Surfactants are interfacially active compounds. They consist of a polar head group and a non-polar hydrocarbon chain (see figure 1). The polar part of the molecule can interact strongly with polar solvents, like water, and is therefore also called the hydrophilic part. The non-polar part, on the other hand, can form strong interactions with non-polar solvents, like oil, and is therefore also called lipophilic or hydrophobic part.
Surfactants can be classified according to the charge of their polar head group:
Figure 1: Schematic structure of a surfactant
Surfactants adsorb preferably at interfaces where they find the energetically most favourable conditions due to their two-part structure. At a water surface, for example, the surfactants orient themselves in such a way that the head group resides in the water and the hydrocarbon chain points to the gaseous phase (see figure 2). Thus surfactants can mediate between two phases as they can form strong interactions with both of them. The interfacial tension consequently decreases. The addition of surfactants hence facilitates the mixing of non-polar and polar phases, which is used in the detergent industry for example.
Figure 2: Surfactants at an interface
The decrease of the interfacial tension caused by surfactants becomes stronger the more surfactants are adsorbed at the interface. Once the interface (and the adjacent volume phases) are saturated the addition of more surfactants will not decrease the interfacial tension any further (see figure 4). Instead a self-organisation of the surfactant molecules takes place inside a volume phase. For example micelles form which consist of several clustered surfactant molecules that shield their non-polar chains from the surrounding aqueous phase with their polar head groups (see figure 3). The minimization of the unfavourable contact between non-polar surfactant chains and the polar solvent compensates the loss of entropy by micelle formation.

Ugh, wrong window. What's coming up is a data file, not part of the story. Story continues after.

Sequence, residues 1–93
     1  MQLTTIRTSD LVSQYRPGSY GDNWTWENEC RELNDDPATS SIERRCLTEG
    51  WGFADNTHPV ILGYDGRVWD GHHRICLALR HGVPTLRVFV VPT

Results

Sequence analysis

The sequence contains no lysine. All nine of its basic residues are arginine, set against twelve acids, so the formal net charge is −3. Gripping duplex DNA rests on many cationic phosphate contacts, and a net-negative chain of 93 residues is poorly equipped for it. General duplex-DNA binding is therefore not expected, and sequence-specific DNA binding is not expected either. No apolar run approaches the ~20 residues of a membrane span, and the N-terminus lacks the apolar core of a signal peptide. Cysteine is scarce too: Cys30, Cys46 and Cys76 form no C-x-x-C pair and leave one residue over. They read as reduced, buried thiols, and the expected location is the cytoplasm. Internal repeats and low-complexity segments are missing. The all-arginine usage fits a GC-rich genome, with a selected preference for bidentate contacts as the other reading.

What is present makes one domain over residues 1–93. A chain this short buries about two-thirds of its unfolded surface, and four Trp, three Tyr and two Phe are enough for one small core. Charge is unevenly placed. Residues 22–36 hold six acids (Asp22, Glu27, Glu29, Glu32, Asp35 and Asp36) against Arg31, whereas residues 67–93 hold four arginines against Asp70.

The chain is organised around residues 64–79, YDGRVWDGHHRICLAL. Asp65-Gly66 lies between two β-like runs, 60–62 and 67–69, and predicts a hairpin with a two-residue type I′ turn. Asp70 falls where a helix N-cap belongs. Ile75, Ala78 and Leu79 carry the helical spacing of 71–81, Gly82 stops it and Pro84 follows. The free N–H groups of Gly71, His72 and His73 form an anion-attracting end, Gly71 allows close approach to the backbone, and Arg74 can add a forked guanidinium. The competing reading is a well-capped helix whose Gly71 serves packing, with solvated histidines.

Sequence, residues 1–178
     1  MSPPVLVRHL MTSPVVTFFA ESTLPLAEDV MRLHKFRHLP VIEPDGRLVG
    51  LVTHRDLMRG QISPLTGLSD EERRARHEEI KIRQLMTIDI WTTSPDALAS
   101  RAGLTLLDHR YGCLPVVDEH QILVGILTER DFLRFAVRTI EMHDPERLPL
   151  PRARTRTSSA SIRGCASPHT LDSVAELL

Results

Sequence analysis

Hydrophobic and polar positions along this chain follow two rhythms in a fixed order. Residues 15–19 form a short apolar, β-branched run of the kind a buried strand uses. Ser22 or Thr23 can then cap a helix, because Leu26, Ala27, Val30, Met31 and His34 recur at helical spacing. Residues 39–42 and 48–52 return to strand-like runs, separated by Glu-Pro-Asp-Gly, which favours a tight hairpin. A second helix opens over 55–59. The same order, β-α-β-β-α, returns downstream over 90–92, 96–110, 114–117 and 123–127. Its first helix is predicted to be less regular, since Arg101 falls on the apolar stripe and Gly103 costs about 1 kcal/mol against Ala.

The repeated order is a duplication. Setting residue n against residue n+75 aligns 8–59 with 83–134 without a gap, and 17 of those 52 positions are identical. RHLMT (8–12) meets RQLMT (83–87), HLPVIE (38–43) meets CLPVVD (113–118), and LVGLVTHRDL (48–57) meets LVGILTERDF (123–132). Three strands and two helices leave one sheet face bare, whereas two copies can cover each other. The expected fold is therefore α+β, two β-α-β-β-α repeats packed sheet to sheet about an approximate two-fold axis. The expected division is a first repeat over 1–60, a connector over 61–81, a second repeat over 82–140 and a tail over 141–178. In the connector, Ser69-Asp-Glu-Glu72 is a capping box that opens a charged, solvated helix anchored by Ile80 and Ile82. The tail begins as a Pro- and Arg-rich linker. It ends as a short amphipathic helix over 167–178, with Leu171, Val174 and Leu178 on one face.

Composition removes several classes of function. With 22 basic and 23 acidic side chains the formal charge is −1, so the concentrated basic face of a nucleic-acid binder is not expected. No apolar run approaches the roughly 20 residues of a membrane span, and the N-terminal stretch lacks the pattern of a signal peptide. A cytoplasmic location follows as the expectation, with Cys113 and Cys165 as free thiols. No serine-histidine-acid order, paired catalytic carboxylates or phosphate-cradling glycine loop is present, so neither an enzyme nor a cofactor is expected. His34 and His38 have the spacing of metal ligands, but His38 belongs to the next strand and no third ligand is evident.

In addition to the micelles shown in figure 3 so-called inverse micelles exist which cluster their head groups and orient their chains towards a surrounding non-polar phase. Moreover, varying parameters like temperature or system composition micelles can also adopt forms other than spherical, such as elongated and worm-like structures. In liquid crystals also layered structures are found.
Figure 3: Spherical micelles
The critical micelle concentration CMC is the surfactant concentration at and above which micelles are formed. It can be determined for surfactant solutions by measuring the surface tension at different concentrations. Below the CMC the surface tension decreases with increasing surfactant concentration as the number of surfactants at the interface increases. Above the CMC, in contrast, the surface tension of the solution is constant because the interfacial surfactant concentration does not change any more. In a logarithmic representation of the surface tension versus the surfactant concentration there are two linear regimes below and above the CMC (see figure 4). An extrapolation of respective regression lines yields the CMC at the intersection.
The CMC can be determined automatically with a Dynamic Contact Angle measuring device and Tensiometer of the DCAT series using a liquid dosing unit LDU 25.
Figure 4: Surface tension as a function of the surfactant concentration
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